Our funders and partners

The Network is coordinated by RISC in partnership with:
Funder

The Federation of City Farms & Community Gardens: supports, represents and promotes community-managed farms, gardens, allotments and other green spaces. It represents around 120 city and school farms, nearly 1,000 community gardens and a growing number of community-managed allotments and supports their work with outdoor learning.
http://www.farmgarden.org.uk/education

Garden Organic: the UK’s leading organic growing charity. Its schools’ project is a nationwide campaign with over 6,000 members which helps children grow vegetables at school, and learn more about their food. Support for schools includes demonstration gardens, CPD and teaching resources.
http://www.gardenorganic.org.uk/schools_organic_network

Food For Thought: is a project of Devon Development Education. It links school gardens in Devon, Cornwall and Berkshire with similar projects in two rural districts in Uganda. It provides an opportunity to share experience, knowledge, resources and information between two countries, broadening horizons to engender a real understanding of each others’ cultures.
http://www.globalcentredevon.org.uk/dde_project_FFT.htm

Practical Action: is a development charity that works closely with some of the world’s poorest people to fight poverty - using simple technology to create jobs, improve health and livelihoods and transform their lives for the better. Its education programme supports learning about sustainable design and technology, renewable energy and climate change.
https://practicalaction.org/?id=education&utm_campaign=Education+CMS+pages

RHS Campaign for School Gardening: is a nationwide education programme run by the UK’s leading gardening charity. It encourages and supports over 10,000 schools to develop and use a school garden to develop the life skills of gardening, growing food, healthy eating and how to care for the environment.
http://apps.rhs.org.uk/SCHOOLGARDENING/default.aspa

Roehampton University School of Education: is promoting the use of the outdoor classroom in its Initial Teacher Education (ITE) courses and the schools it works with. A key aim is to explore the use of the outdoor classroom to support global citizenship.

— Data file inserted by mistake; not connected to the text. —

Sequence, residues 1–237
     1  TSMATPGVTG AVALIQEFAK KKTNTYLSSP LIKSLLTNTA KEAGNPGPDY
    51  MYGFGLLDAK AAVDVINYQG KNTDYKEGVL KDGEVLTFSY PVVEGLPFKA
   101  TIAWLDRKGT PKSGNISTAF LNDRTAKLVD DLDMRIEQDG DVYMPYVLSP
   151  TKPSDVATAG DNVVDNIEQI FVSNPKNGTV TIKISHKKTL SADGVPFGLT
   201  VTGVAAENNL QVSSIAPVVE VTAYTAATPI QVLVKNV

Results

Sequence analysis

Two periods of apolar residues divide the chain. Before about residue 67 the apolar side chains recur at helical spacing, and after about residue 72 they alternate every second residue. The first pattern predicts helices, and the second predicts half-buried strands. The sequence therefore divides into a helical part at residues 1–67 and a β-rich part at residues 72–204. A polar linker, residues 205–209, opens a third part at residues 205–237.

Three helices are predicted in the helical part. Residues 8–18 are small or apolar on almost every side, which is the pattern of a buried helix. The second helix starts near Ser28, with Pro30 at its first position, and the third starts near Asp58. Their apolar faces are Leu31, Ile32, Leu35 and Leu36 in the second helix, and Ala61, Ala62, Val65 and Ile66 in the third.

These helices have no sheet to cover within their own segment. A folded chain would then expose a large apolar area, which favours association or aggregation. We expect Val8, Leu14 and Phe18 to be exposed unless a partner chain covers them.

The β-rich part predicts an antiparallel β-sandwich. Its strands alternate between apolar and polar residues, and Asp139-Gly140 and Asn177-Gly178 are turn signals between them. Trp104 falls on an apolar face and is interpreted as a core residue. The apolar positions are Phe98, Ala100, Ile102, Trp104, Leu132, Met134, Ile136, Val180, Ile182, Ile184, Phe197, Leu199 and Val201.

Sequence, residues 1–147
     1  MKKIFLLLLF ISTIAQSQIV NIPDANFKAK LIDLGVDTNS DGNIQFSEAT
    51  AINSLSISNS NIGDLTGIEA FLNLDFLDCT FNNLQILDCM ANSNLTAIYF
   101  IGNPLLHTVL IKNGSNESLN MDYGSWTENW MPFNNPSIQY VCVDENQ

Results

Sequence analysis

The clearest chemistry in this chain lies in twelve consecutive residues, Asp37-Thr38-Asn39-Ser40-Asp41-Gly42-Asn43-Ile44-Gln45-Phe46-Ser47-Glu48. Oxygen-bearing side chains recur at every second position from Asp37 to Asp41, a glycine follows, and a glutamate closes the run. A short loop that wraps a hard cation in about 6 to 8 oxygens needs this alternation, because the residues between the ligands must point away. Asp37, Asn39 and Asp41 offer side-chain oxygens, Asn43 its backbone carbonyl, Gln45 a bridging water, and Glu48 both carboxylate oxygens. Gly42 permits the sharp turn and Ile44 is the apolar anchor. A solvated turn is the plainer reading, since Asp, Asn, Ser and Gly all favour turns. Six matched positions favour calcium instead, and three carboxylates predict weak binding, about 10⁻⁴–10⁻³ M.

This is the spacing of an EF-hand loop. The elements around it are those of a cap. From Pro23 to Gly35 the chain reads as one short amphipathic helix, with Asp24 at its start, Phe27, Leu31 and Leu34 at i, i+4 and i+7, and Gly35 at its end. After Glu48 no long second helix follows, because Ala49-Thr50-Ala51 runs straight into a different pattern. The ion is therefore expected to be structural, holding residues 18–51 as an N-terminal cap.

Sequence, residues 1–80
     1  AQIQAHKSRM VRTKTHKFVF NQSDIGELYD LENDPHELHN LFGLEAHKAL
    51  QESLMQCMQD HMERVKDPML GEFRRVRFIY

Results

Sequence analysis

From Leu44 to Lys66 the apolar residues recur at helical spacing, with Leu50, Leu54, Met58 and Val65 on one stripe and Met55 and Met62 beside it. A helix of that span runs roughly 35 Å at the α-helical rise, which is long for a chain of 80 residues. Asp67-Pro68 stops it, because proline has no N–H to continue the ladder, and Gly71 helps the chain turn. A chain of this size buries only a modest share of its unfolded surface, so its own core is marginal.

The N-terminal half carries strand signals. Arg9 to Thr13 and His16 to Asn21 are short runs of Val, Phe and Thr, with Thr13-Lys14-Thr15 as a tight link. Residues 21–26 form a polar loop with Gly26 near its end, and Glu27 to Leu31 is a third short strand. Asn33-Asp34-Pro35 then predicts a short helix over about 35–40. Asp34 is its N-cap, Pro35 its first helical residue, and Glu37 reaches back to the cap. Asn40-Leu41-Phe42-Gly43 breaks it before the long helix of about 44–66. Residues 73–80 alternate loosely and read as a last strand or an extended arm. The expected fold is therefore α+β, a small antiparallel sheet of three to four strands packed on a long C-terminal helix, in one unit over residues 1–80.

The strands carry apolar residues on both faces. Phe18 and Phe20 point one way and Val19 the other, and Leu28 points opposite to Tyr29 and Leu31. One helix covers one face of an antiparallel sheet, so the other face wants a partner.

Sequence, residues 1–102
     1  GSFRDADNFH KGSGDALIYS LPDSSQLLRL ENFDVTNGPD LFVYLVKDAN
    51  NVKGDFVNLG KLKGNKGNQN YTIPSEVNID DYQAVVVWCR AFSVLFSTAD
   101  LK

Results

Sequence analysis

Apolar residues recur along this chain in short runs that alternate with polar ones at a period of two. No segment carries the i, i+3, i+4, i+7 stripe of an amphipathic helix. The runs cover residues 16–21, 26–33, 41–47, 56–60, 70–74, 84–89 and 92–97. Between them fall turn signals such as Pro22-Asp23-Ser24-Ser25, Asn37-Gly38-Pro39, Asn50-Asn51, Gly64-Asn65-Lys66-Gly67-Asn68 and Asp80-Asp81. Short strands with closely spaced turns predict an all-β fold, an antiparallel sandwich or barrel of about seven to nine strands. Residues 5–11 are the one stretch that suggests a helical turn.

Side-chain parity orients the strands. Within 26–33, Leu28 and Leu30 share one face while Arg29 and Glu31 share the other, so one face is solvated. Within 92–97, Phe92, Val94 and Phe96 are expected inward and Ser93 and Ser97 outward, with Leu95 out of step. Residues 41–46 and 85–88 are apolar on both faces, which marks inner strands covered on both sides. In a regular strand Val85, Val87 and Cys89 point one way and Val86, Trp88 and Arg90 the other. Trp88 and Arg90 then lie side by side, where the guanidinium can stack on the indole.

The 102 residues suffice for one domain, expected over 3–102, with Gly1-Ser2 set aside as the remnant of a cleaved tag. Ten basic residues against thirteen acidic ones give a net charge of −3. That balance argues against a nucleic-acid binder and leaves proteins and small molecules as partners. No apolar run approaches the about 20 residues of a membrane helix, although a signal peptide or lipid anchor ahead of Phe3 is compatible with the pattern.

This project has received funding from the Department for International Development (DFID), although the views expressed within do not necessarily reflect its official policy. DFID is the Government Department that manages Britain's aid to developing countries and works to get rid of extreme poverty and supports projects that are designed to promote public knowledge and understanding of development issues.

Did you know?

My wild ancestors originated in Afghanistan over 3000 years ago

Read more Carrot

I originated in the South American Andes mountains

Read more Bean

I originated in Southern Europe and Western Asia around 2000 BC ago

Read more Leek

I am part of the rose family and native to Central Asia.

Read more Apple

I am the world’s most important salad plant.

Read more Lettuce

I come from the Andes Mountains and was first cultivated about 7,000 years ago.

Read more Potato

I originated in South and Central Asia dating back to 3500 BC.

Read more Onion

Scientists are unsure whether I originated in Central Asia, Ethiopia or the Mediterranean.

Read more Pea

I originated in Central and South America

Read more Pumpkin

My wild ancestors are fond throughout Asia and Europe.

Read more Radish

I am a delicious fruit, native to Eastern Asia, with wide culinary and medicinal uses.

Read more Rasberry

I originated in Persia (modern day Iran) and spread to China around 600AD.

Read more Spinach

My small wild ancestors are found in temperate areas all over the Old World.

Read more Strawberry

I am native to the Central Americas and was first domesticated in Mexico, by at least 2600 BC.

Read more Sunflower

I am native to the Americas and was cultivated by the Aztecs as early as 700 AD.

Read more Tomato